Biscayne National Park

Posted in North America | March 12, 2010 | Comment Now

Most travelers when they hear of a national park in South Florida think of the Everglades. However, within a few miles there is another national park: Biscayne National Park. This park is located along the southeast coast of Florida, just south of Miami. The park is spread over 181,500 acres. The park comprises a section of the mainland and large portions of Biscayne Bay. The barrier islands off the coast, too, are part of the national park.

Biscayne National Park is famous for the blue waters of the bay. The coral reefs and marine life are highlights of the park. There are plenty of sea birds and subtropical vegetation. Trails are present on the islands and the mainland. The park is just 30 miles away from downtown Miami. It comprises the longest shoreline that is undeveloped along Florida’s east coast.

The area of Biscayne was inhabited by the Tequestas Indians before the Spanish arrived. The Indians lived with comfort and ease off the sea coast. They loved the conch to a great extent and left middens, which are still visible at various locations within the park.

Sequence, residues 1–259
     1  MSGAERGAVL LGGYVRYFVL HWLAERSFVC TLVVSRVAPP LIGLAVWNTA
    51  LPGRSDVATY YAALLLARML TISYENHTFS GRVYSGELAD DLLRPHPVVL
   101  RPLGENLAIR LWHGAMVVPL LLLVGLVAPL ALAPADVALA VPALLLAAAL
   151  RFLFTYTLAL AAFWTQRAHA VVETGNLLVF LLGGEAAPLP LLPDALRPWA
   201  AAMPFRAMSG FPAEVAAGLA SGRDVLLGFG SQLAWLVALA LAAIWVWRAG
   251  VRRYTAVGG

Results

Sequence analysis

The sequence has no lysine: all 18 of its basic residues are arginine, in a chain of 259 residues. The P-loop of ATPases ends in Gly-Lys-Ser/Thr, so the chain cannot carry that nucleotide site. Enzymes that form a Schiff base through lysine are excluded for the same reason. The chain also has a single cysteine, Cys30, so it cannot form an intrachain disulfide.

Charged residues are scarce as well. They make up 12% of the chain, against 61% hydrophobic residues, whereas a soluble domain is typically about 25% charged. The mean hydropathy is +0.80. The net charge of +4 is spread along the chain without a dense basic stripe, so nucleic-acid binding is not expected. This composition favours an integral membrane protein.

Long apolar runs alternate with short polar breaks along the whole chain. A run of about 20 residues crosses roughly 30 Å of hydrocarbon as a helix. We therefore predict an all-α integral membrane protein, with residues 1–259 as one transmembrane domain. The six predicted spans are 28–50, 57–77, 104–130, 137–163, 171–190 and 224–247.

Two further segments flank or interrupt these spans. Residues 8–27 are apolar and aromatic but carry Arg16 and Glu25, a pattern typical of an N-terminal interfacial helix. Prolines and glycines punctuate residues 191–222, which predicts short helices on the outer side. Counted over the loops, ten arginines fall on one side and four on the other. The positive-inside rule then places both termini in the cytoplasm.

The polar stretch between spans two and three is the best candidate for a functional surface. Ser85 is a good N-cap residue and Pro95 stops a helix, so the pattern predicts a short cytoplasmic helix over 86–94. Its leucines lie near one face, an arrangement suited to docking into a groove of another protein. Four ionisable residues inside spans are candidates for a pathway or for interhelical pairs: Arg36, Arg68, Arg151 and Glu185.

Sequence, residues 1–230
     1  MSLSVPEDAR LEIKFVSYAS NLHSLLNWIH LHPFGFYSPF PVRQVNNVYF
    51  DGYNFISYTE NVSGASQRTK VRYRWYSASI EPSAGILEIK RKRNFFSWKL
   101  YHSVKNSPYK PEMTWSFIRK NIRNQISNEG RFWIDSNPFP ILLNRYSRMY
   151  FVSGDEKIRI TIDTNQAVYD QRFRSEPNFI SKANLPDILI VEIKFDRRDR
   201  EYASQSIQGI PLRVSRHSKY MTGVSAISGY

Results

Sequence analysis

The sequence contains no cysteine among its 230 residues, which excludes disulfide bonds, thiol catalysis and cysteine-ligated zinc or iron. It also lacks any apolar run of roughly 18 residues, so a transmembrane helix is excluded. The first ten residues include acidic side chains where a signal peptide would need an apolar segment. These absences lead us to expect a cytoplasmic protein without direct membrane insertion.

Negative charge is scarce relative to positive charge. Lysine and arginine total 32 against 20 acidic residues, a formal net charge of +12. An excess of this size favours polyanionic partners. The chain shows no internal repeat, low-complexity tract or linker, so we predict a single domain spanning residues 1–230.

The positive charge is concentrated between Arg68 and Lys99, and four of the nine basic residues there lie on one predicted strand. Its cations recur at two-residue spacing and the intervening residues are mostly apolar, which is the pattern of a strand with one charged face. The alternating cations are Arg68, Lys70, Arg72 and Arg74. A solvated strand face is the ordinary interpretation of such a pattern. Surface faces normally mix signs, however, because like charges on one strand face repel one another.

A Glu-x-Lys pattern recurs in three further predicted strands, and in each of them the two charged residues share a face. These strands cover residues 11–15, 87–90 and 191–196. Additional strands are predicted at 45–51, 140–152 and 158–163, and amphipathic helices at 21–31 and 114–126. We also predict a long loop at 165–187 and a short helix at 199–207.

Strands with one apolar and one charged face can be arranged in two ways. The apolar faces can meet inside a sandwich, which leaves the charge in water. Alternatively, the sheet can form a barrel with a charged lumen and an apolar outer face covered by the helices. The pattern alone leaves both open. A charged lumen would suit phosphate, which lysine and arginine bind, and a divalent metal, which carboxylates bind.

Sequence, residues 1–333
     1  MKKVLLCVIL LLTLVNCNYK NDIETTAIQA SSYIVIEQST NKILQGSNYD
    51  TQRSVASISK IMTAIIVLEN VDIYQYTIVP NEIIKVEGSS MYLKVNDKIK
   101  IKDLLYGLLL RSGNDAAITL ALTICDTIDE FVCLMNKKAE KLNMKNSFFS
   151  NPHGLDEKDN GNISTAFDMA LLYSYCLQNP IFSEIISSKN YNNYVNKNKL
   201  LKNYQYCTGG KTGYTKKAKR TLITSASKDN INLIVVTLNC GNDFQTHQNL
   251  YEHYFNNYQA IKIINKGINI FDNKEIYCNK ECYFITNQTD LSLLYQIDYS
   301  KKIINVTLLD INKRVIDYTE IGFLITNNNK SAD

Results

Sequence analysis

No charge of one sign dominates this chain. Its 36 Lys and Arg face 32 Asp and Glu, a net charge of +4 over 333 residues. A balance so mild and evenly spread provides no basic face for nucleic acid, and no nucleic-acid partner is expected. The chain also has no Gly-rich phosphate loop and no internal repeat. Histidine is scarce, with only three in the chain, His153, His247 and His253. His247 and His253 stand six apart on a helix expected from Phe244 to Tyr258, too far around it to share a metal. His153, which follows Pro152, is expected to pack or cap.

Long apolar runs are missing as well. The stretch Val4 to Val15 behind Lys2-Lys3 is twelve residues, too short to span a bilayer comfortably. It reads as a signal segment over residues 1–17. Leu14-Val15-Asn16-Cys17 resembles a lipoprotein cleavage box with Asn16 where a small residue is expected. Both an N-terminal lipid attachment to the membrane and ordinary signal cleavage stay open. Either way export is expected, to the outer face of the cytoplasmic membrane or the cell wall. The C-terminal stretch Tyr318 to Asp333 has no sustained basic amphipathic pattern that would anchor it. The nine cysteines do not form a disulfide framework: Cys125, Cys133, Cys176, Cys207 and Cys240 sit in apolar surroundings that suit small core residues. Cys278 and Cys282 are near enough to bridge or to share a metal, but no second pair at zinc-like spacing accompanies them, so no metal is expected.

Ponce de Leon was the first Spaniard to set foot on Biscayne Bay in 1513. The Tequestas were nearly eliminated in the 1700s by the diseases introduced by the Spanish.

By 1800, the park served as a haven for pirates and buccaneers, including the renowned ‘Black Caesar’. Florida became a part of the United States in 1819. By the 1820s, the pirates were eliminated from the park.

Till the 1800s the park area was used for a variety of purposes. The park is also witness to a gathering of sponges. The islands that comprise the park were under cultivation. However, a large hurricane in 1906 ended this activity to a great deal. This led to rum smuggling. Tourism, too, became a popular industry because of the clear, blue waters.

The 20th century has brought with it many development pressures that have affected most of Florida, especially the Biscayne area. The barrier islands are known for their solitude. This solitude was in danger of being eliminated due to the planned bridge, subdivisions and resorts. In order to protect the park resources, Biscayne Bay was awarded monumental status in 1968. The credit for conservation work should go to Florida Congressman Danta Fascell. The monument acquired more areas, and was converted into a national park in June 1980.

The primary area of the Biscayne National Park is Convoy Point nearly 10 miles west of Homestead. This section of the park also contains a picnic area. There is also a boat dock in addition to a visitor’s center.

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